Holiday Store Social

Written by Jeanne Martinet on . Posted in Uncategorized.

Rediscovering the benefits of shopping solo

By Jeanne Martinet

At first, I was shaking in my boots. I had been about to plunge into my usual last-minute holiday shopping when the friend I was going with bailed on me. Who wants to negotiate the teeming hordes alone or try to make quick decisions on items without another eye to help? It’s like running a marathon all by yourself. But then I reminded myself that solo shopping can also be the best shopping.

It was when I was shopping for bathing suits last summer that I had my shopping epiphany (if one can have an epiphany about shopping): There is really no such thing as shopping alone if you are willing to open up to strangers.

Shopping for bathing suits, if you are a woman, is like being held hostage in a tiny, airless room with harsh lighting and being forced to confront all your deepest, darkest, ugliest secrets. The small room is the store dressing room and the secrets are what has happened to your body over the past year.

I was out of town, shopping by myself and feeling unhappy about not having anyone to help me in my pursuit of the perfect suit. I was even more unhappy that the only good mirror was outside the dressing room, forcing me to display myself to other shoppers. But soon I began to notice another woman coming in and out of her own dressing room, also trying on suits. I could tell she was in the same state of mind as me. “How do you think this looks? I ventured to ask her.

“I liked you in the other one better, the blue one, she said. “That one really looked terrific on you.

She was polite, the way a stranger would be. But hers was also an entirely objective opinion, maybe even more than a friend”s would have been. A friend might have taken into account my particular insecurities and usual clothing preferences. She might have even rushed me so we could get to lunch. And while talking to salespeople can be enjoyable, the honesty of store employees can never be entirely trusted. I gave this fellow bathing suit shopper my opinion on her selections, she on mine, and we were both successful and happy. I left with two great suits.

Not only can solo shopping be more efficient’s you can focus on your own purchases’s but it is also rewarding the same way traveling alone can be. When you travel alone, you are forced to engage with people you don”t know. It”s good to think of the other shoppers in the store as fellow travelers. I know it”s my mantra, but interacting with strangers is broadening to the mind and beneficial to the spirit.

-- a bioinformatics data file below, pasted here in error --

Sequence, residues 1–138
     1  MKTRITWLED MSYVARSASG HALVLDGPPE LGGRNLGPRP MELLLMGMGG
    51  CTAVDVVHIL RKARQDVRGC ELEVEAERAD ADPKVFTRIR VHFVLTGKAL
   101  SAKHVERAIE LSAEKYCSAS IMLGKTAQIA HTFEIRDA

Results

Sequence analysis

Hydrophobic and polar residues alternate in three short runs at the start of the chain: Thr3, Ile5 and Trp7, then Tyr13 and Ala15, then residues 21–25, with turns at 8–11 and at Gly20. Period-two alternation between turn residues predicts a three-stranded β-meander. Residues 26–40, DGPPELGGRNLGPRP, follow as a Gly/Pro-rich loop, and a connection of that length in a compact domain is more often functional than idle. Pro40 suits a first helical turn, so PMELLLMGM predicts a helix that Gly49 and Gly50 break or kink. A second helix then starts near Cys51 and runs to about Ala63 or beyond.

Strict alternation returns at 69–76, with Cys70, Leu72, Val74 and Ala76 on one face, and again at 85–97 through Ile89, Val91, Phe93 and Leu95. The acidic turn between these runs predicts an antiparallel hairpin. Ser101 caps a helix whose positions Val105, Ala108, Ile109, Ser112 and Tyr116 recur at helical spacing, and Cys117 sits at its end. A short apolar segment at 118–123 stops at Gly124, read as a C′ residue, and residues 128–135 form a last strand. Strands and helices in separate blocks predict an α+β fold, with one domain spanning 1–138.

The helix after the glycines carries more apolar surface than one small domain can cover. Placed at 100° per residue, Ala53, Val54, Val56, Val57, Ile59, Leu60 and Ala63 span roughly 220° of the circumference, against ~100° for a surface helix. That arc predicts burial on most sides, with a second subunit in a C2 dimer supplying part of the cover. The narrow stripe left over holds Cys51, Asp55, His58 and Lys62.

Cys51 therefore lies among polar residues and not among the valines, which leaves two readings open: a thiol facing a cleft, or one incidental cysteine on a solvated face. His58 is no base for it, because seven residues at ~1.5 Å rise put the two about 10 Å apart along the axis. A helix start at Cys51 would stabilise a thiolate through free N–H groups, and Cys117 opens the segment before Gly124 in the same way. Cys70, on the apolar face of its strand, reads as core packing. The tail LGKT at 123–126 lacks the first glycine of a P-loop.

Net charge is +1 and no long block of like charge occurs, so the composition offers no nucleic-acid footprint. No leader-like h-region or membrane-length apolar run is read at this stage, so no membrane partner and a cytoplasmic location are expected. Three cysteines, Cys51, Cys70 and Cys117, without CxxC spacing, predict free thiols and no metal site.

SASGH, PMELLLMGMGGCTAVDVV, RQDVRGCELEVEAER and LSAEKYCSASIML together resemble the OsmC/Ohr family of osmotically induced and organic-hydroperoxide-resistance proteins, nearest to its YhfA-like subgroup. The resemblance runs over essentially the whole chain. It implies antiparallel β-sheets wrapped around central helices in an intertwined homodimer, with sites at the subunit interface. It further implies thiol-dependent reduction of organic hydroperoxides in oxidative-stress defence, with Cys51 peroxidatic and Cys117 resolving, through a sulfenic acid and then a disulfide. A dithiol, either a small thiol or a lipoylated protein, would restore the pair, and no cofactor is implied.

OK, so shopping the week before Christmas may not be exactly “broadening, what with all of the jostling and standing in line and having to witness the occasional shopper”s meltdown (“I came all the way down here and you”re out of f***ing stock?! ) And there is no great joy in being stuck in crowds. But you know, some fun parties are like that too, right? And aren”t they worth it in the end?

Of course, holiday shopping “mingling can be difficult because people are tired, frustrated and stressed. But if you can avoid the occasional raging shopper, the rest of the world can be your shopping comrades-in-arms. “Do you think an 8-year-old would like this cobra piggy bank? you might ask someone. Or “Do you think my mother would like this apron with ‘Your opinion is not in the recipe” on it? When you find someone in a store with whom to compare gift choices and ideas’s let”s face it, you are not going to be able to find a salesperson anyway’s it can be really fun.

Mostly, it is satisfying to talk with other people because it makes you realize you are not alone. You are not the only person who has to buy presents for 15 people in three days or has a crazy aunt for whom it”s impossible to shop. You are not the only person who is worried about the money she is spending. You are not the only person who hates the days leading up to Christmas.

And you are not the only person who doesn”t get everything done. If you didn”t find that special clipboard with the LED light on it for your father, don”t fret. Just put it on the list for next year. It”s much more important that you stopped to chat with some of your fellow overconsumers along your merry way.

Jeanne Martinet, aka Miss Mingle, is the author of seven books on social interaction. Her latest book is a novel, Etiquette for the End of the World. You can c0ntact her at

Trackback from your site.